Originally from Philadelphia, Lindsey Tramuta, a diehard Francophile, moved to Paris ten years ago. Since then, she’s been sharing her love for the city in her blog “Lost in Cheeseland” and in The New York Times and Afar. Through its colorful photography and intimate tone, Tramuta’s book invites readers to rethink what they know about the romantic, often-stereotyped city. She takes armchair travelers throughout the capital, introducing them to the Parisians who are reinvigorating the city’s food, fashion and design.
While countless words have been written about the tens of thousands of Underground Railroad journeys, few conjure up a clear visual of what this harrowing escape entailed. After a decade of research, photographer Jeanine Michna-Bales documents one route an enslaved person could have undertaken: a 1,400-mile trip from Louisiana to Ontario. The journey is filled with harrowing stops along the way—the Magnolia Plantation where the trail begins, for instance, and the cypress swamps in Mississippi—each photographed in the dark of night, when runaways would have traveled. But light shines through the final images in the series, as freedom in Canada approaches. The book is a powerful new way to view this chapter of American history.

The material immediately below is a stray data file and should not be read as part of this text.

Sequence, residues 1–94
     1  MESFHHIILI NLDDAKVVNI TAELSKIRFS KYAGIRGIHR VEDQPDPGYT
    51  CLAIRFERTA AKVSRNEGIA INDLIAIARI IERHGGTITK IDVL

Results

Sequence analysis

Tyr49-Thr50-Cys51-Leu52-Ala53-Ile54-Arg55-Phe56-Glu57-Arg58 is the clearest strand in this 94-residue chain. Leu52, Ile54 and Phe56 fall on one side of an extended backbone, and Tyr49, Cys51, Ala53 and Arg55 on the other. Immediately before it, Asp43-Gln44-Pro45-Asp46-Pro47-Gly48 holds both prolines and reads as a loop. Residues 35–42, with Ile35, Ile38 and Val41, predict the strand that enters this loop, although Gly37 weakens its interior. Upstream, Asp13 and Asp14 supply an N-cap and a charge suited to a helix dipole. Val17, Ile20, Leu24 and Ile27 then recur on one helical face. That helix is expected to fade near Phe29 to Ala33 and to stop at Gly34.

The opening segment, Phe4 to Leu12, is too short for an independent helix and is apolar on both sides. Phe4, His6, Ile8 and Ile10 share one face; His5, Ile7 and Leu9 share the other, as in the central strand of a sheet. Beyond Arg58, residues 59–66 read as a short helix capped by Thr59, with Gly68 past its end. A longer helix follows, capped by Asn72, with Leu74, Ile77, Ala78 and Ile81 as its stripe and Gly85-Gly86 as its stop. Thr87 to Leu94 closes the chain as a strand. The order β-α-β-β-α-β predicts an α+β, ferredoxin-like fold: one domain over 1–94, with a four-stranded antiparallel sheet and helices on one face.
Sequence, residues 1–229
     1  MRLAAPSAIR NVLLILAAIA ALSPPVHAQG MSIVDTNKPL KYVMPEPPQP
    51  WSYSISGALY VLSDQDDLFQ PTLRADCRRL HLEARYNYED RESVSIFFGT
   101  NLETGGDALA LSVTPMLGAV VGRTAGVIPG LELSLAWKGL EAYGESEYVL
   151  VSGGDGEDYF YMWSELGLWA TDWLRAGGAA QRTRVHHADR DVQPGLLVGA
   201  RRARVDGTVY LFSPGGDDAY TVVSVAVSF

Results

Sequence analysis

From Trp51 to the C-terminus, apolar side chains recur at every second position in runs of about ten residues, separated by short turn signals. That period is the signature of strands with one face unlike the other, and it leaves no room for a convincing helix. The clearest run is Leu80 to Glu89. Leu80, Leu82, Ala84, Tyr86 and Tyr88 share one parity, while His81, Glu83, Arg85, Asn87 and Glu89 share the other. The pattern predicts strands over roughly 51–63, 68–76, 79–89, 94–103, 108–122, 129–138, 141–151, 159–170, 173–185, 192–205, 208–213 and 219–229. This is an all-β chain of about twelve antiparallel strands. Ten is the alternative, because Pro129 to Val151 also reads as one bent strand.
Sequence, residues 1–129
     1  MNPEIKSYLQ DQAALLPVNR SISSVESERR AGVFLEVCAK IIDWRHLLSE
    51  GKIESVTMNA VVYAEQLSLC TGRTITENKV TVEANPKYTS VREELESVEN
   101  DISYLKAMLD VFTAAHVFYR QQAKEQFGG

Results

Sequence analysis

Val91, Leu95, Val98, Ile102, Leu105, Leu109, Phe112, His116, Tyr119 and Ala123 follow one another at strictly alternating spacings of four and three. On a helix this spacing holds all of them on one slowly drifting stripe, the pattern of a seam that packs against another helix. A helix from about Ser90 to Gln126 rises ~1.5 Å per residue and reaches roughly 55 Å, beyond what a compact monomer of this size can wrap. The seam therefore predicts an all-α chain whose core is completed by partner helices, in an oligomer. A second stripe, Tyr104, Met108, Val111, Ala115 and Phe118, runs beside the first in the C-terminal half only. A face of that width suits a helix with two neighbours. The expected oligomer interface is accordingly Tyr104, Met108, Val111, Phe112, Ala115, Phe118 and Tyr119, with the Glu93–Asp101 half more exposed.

With 560 detailed pages, this book might be a bit heavy for tourists to carry as they roam the streets of their favorite city. But within its pages, you’ll spot London’s well-known skyscraper, nicknamed “the Gherkin,” before happening upon the graceful Tama Art University Library in Tokyo, then turning to the zig-zagging Olympic Sculpture Park in Seattle’s city center. Architecture and travel fans will want to keep Destination Architecture at hand so they can fully appreciate the unique buildings that have popped up around the globe in recent decades.
During his decade-long tenure as the Chicago Tribune’s Caribbean correspondent in the 1980s, Mark Kurlansky began traveling to Cuba. Since this introduction to the island nation, the journalist grew to know and love the beautiful, messy capital. Drawing on Havana’s history, Kurlansky starts with Columbus’ arrival in 1492 and examines the city’s role in the slave trade and its lasting effects. But he also brings us into the contemporary culture, highlighting the city’s lively music, dance and art scenes, and supplying us with recipes to tasty Cuban dishes.
Offering a bird’s eye view that makes geology come alive, science and travel writer Mary Caperton Morton’s book feels like a personal helicopter ride across North America. It’s an extensive journey that covers Alaska’s Aleutian Islands to Maine’s Mount Katahdin to Mexico’s Chicxulub Crater, among many other breathtaking formations. Morton’s introduction lays out a solid foundation in geology. The rest of the pages are filled with beautiful photographs and fun facts (for example, the tallest mountain in North America, Alaska’s Mount Denali, still rises half an inch each year).